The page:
As Christmas time approaches, with 92% of 5- to 15-year-olds now online (Ofcom 2017), it’s likely that many children and young people will be looking forward to receiving technology based gifts under the tree this year.  This means the festive period is a great opportunity to highlight simple tips to help parents and carers make safer choices when buying new devices. It may also serve as a timely reminder to encourage parents to consider how they can help their children  to keep safer online during the festive period, and beyond.

To help support educational settings the e-Safety Development Officer has created a template letter for Designated Safeguarding Leads, headteachers or managers to adapt and share with their communities.

Additional links to share with parents/carers at Christmas include:

Educational settings may also find it helpful to adapt or share these parent/child contracts from FOSI which can be given to children alongside their new devices.

Settings may wish to use the letter and/or links in its entirely, or use the content within existing communication such as the school/setting newsletter or social media channels.

  • The 2016 edition of this post is available here.
  • Our colleagues at LGfL DigiSafe also have helpful advice and links for schools here.

We would like to wish all of our subscribers a Merry Christmas and a Happy New Year!

Ashley Assiter, e-Safety Development Officer and Rebecca Avery, Education Safeguarding Adviser (Online Protection)

Posted in 2017, e-Safety, Early Years, Independent Schools, Kent, Letter, Online Safety, Parents, Primary, Safeguarding, Schools, Secondary | Tagged , , , , , , | 1 Comment

BBClaunch new programme to enable young people to tell the difference between real and fake news

The BBC is launching a new programme supporting secondary school pupils to identify real news and filter out fake or false information.

From March 2018, up to 1,000 schools will be offered mentoring in class, online, or at events from BBC journalists. The initiative will be delivered by the BBC’s media literacy project School Report – a collaboration between BBC Academy and BBC News.

All schools will have free access to online materials including: classroom activities; video tutorials; and an interactive game developed by the Aardman studios where the player gets the chance to find out what it is like being a BBC journalist in the heart of a bustling newsroom.

A ‘Reality Check Roadshow’ will tour the country and local schools will be able to nominate their own ‘Reality Checker’ pupils to attend one of a dozen regional events. Some will be invited to present their own Reality Check reports on BBC School Report News Day in March 2018.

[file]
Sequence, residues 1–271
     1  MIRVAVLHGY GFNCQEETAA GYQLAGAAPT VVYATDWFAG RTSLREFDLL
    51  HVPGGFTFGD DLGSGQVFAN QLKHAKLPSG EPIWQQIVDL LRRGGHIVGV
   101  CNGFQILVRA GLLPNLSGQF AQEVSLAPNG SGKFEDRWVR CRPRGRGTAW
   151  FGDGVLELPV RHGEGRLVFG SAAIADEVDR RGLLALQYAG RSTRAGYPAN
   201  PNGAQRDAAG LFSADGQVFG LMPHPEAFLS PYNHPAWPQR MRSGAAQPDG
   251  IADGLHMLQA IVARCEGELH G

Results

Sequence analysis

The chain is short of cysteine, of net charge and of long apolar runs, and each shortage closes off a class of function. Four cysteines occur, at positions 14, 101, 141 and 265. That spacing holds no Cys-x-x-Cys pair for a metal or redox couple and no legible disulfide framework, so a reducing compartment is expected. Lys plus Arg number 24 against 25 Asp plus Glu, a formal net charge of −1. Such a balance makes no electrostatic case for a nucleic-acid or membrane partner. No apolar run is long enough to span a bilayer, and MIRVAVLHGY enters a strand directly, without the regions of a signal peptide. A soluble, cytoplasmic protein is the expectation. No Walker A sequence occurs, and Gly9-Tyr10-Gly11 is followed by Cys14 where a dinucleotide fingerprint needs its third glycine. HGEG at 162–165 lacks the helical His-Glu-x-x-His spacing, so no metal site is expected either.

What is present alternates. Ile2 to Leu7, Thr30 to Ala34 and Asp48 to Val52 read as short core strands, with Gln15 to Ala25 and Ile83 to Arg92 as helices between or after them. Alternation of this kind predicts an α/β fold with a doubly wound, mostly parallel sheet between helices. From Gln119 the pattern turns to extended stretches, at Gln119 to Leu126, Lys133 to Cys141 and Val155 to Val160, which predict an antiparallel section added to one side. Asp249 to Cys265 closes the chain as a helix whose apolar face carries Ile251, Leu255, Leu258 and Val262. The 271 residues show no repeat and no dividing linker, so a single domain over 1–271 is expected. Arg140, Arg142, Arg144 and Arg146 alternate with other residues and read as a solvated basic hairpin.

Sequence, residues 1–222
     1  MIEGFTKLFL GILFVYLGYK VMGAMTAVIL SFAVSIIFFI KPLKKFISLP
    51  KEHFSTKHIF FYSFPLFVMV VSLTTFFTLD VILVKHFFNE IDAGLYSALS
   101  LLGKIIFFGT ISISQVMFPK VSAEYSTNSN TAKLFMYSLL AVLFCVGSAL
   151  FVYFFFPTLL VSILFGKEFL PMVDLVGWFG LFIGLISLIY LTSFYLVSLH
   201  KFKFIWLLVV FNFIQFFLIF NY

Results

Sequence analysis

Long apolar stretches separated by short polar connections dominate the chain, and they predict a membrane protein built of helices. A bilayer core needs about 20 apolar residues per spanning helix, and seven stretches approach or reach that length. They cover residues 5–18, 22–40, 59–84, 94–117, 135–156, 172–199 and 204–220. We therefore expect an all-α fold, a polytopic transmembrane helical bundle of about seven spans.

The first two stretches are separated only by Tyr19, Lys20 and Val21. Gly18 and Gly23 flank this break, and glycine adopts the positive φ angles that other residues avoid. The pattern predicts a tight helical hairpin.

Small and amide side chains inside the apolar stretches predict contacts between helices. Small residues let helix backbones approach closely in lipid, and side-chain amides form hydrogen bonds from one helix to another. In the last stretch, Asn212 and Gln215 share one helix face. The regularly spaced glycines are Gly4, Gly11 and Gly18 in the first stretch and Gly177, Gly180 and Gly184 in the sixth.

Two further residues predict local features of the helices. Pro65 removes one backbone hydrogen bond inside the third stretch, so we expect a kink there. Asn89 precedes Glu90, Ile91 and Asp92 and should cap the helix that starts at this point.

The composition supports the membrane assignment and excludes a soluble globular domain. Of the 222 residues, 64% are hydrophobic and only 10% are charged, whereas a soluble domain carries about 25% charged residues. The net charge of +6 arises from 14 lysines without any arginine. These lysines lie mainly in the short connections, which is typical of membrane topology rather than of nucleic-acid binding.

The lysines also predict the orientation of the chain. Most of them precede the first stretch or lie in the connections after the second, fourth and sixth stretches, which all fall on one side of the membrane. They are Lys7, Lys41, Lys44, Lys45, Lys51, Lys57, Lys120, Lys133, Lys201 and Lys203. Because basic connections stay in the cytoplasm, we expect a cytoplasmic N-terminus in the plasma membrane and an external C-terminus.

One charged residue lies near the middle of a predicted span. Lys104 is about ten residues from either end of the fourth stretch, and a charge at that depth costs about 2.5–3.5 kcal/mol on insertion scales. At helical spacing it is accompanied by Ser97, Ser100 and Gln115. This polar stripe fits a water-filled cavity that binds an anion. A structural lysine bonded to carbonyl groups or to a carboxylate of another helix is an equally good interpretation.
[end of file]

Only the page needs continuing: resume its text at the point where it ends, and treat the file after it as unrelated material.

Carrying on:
James Harding, Director of BBC News and Current Affairs, says: “Never has it been so important for young people to develop their critical thinking and to be news literate, and have the skills to filter out fakery from the truth, especially on their busy social media feeds. BBC News, as the most trusted news provider and home of Reality Check, is ideally placed to bring this project to schools and young people around the country.”

Find out more about the project here.

If you are a secondary school, sixth form, or youth group working with 11-18 year olds and would like to get involved and be kept informed of the project, you can register here.

Posted in BBC, Critical Thinking, Digital Rights & Responsbilities, e-Safety, Fake News, Online Safety, Reliability, Resources, Schools, Secondary | Tagged , , , , , , | Leave a comment

Online Safety Alert – Social Media Concern: Information for Kent Schools

The following advice has been written by the Kent Education Safeguarding Team with approval from the Kent Police POLIT team. A version of this post has already been sent via email to Designated Safeguarding Leads registered with the Education Safeguarding Team area offices.

We have received a number of reports from schools relating to a video of child abuse  which is being shared through a variety of social media channels. This issue predominantly involves Secondary schools, however Primary schools or Early Years settings could be affected where children have older siblings.

Police are aware of the video and  safeguarding action (link updated Jan 2018) has been taken to identify and protect the children involved. However upsetting, conflicting and inaccurate information is believed to be circulating, which is leading to panic and distress. Schools need to be vigilant to such concerns, but we would encourage you to take a proportional and informed response.

If this issue has not directly affected your school:

  • Designated Safeguarding Leads (DSLs) and/or Headteachers may choose to send general reminders to pupils and parents about online safety. Kent schools and settings can contact the Education Safeguarding Team for further advice.
  • Template letters and resources are available through the Education Safeguarding Team Blog;
  • Be aware that sharing specific information regarding the video may be distressing to adults and children; Headteachers should consider if it is appropriate and necessary to do so.

If a concern has been reported at your school:

  • Staff may be the first to be informed of the concern; ensure they are all aware of the need to report safeguarding concerns, including online safety issues, directly to a DSL so they can take appropriate safeguarding action.